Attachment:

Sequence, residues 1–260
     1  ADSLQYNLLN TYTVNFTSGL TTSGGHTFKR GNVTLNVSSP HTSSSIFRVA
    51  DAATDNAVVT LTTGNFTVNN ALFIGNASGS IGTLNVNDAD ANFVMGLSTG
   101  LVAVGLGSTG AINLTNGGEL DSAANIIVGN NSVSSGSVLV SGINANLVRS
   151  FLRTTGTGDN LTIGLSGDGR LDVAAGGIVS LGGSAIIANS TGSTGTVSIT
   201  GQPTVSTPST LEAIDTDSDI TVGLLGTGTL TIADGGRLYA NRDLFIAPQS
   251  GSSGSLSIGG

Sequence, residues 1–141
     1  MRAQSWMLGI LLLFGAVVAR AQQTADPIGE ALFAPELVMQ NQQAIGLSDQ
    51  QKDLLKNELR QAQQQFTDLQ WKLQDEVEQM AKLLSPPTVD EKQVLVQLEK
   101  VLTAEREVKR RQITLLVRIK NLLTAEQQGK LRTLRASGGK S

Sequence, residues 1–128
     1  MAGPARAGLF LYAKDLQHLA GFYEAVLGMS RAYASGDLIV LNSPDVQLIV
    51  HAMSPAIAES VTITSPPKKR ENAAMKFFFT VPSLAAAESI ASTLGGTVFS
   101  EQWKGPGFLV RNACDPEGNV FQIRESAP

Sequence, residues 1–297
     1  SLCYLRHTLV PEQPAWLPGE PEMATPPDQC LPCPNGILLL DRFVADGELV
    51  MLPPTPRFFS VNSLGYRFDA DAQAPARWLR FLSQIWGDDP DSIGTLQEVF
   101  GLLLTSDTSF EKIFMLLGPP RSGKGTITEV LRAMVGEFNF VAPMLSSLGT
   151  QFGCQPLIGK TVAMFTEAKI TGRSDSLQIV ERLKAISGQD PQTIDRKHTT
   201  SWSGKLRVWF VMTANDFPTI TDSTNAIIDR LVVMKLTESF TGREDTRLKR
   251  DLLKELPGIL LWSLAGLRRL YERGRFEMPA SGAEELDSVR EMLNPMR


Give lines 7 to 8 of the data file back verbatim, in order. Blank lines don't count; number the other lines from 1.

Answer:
   251  GSSGSLSIGG

Sequence, residues 1–141